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Columns
'Street Time' tells dark tale of parolees

Sunday, June 23, 2002

By Rob Owen, Post-Gazette TV Editor

Some publicists are calling "Street Time," Showtime's new series about federal parolees, "Life After Oz,"a reference to HBO's prison drama. Bleak, grim and violent as "Oz" is, that HBO series offers more intrigue, contrasts and titillation.

"Street Time," which has tons of profanity but only a little violence, improves in its second episode (tonight's pilot drags). But the show has a consistently washed-out look - varying shades of drab - that contributes to its monotonous tone.

TV Review
"Street Time"
When:Tonight at 10 on Showtime.
Starring: Rob Morrow, Scott Cohen, Erika Alexander.

Rob Morrow ("Northern Exposure") stars as Kevin Hunter, a parolee who went to jail for five years for selling marijuana. His parole officer, James Liberti (Scott Cohen, "Gilmore Girls"), warns him to stay away from past associates, including his brother Peter (Christopher Bolton), who's still involved in the drug trade.

It doesn't help that Hunter moves in with his 8-year-old son and his common law wife, Rachel (Michelle Nolden), who smokes pot in the living room and tries to get him to join her. He can't due to random drug tests, but how long will he be able to resist the pull of his past life?

Liberti has demons of his own, most notably a gambling addiction that he swears to his wife (Kate Greenhouse) he's over. He's not. A more immediate concern is a parolee who's three weeks late to check in. Then he meets Hunter.

"I did my time," Hunter says.

"No, you owe us five years on the street," Liberti replies.

In addition to five years of parole - the perfect length for the duration of a TV series - Hunter also owes a $1.8 million fine. Hunter asks how he's expected to pay it.

"I expect you to go back into the drug business," Liberti says without a hint of sympathy.

Despite an adversarial relationship, the teleplay by executive producers Stephen Kronish and Richard Stratton makes clear the two characters aren't so different. Both have children and their kids attend the same school. They both do things that are "wrong," but they're both trying to improve their lives.

Erika Alexander ("Living Single") plays another parole officer who describes her job as "risk management" - the parolees are the risk, she's the management. Early episodes also include a guest turn by Red Buttons, who plays a parolee with a dying wife.

Although tonight's pilot feels interminable, the second episode shows more promise for the series as the characters develop and the story moves at a better pace.

"Street Time" has street cred thanks to executive producer Stratton, author of the novel "Smack Goddess," who was convicted of conspiracy to import marijuana in 1982 and spent eight years in prison.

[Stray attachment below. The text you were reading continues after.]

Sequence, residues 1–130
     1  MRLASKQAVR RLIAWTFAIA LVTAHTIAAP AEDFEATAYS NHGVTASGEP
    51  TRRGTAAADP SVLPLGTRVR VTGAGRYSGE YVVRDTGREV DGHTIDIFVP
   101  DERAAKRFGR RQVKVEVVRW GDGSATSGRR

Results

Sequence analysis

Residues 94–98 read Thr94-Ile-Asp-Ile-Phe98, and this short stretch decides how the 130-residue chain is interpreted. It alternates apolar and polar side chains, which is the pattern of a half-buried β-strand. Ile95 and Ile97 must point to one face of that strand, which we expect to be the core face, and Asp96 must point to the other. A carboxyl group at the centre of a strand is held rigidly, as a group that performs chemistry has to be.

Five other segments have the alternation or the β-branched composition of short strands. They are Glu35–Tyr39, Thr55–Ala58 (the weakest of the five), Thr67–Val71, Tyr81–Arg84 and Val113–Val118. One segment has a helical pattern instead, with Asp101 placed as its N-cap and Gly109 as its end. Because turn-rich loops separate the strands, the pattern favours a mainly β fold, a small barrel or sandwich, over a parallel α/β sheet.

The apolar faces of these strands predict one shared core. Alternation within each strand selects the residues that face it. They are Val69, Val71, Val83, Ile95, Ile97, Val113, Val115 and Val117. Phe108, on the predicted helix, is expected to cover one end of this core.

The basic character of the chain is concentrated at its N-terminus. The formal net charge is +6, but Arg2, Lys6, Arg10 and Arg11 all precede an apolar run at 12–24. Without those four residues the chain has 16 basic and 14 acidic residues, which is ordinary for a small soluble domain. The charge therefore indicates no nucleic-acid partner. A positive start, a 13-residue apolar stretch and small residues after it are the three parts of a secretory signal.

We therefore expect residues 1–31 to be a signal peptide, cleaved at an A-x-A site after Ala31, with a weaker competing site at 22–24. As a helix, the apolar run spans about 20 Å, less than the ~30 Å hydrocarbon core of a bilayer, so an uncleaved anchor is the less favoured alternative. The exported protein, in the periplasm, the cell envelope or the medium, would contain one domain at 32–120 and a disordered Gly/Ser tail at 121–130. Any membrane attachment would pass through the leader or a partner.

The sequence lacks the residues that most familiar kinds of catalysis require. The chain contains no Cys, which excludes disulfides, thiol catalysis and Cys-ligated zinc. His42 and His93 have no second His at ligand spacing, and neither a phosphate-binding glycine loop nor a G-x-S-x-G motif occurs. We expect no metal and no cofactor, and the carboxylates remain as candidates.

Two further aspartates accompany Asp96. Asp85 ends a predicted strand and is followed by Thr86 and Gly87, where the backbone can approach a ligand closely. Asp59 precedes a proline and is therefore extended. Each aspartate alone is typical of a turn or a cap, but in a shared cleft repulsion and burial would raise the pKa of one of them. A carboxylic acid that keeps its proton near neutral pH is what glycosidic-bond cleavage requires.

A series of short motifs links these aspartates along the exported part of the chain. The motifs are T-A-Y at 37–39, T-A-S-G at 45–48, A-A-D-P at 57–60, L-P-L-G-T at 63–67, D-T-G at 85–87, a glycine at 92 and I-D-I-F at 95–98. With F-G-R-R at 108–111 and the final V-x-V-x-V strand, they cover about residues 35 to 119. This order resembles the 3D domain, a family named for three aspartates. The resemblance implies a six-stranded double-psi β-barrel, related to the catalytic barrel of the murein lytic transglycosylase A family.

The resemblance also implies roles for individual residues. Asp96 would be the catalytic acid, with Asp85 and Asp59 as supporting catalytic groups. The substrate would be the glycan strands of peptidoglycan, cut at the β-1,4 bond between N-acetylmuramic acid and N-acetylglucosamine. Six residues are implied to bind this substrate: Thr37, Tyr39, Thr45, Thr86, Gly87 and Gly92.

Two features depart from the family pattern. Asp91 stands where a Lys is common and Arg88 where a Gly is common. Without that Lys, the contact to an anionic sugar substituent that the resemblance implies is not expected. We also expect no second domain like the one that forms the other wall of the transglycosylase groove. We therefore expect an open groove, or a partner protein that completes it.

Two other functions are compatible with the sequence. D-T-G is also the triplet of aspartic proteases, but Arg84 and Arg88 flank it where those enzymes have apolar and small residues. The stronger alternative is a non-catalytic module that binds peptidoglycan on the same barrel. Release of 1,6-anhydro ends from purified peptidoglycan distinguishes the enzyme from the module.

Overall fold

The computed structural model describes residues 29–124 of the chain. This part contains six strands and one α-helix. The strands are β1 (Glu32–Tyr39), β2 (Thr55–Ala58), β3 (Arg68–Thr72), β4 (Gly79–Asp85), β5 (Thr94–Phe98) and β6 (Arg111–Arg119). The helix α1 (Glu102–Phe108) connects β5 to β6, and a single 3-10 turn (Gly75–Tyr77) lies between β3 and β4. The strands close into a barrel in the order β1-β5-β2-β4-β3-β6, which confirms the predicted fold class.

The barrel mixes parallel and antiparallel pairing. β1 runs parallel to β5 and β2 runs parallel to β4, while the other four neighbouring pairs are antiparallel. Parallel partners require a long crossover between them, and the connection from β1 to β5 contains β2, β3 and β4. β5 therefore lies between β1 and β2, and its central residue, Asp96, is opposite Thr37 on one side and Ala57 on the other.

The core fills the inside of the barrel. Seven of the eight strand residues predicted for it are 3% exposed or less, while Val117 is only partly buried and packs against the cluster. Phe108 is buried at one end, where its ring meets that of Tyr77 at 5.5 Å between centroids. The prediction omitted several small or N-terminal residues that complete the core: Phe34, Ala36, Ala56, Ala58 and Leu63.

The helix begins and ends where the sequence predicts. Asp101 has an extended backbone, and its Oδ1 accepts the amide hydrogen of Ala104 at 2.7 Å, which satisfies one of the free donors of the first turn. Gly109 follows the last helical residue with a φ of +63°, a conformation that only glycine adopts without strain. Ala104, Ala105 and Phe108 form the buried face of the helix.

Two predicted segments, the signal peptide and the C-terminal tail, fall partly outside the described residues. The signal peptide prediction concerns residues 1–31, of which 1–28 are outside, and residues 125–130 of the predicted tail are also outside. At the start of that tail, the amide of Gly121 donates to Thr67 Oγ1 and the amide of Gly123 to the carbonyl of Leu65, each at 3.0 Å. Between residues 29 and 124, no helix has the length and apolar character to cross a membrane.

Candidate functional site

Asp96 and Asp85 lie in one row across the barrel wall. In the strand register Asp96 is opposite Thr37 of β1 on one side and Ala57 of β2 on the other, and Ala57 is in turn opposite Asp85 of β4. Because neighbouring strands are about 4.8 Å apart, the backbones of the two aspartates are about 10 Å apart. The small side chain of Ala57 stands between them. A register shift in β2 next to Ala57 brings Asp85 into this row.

"I sat in a room and heard a man tell me exactly those words, 'You're gonna go right back into crime. You've been doing it all your life. What's to make me think you're going to change now?' They fully expected me to go back," Stratton said at a Showtime press conference in January. "So, I went into the entertainment business."

Depicting the relationship between Hunter and Liberti makes the show unique, Stratton said. "You've never seen the relationship between law enforcement and the criminals as close as you're going to see it with a parole officer and a parolee. They go to their homes. They test their urine. They get involved in their personal lives. They become very close to these people in different kinds of ways, and the psychology that is at work in that relationship, to me, is fascinating."

Executive producer Kronish described the two characters as the flip side of the same coin.

"The parole officers are in their own prison," he said. "We watch the parolees go though certain circumstances where they realize that they're still in prison, except the walls don't show."

In his performance, Morrow quickly erases all memories of Alaska doctor Joel Fleischman, fully inhabiting this seedier character. Cohen, who had a stint on "Gilmore Girls" as Lorelai's fiancÚ, also puts his good guy image on hold to play a complicated character.

Moral ambiguity has become popular on shows like "The Shield" and "The Wire," but here it provides a true dankness. "Street Time" is not easily accessible, but it may provide some viewers with satisfying character drama.


You can reach Rob Owen at rowen@post-gazette.com. Post questions or comments to www.post-gazette.com/tv under TV Forum.

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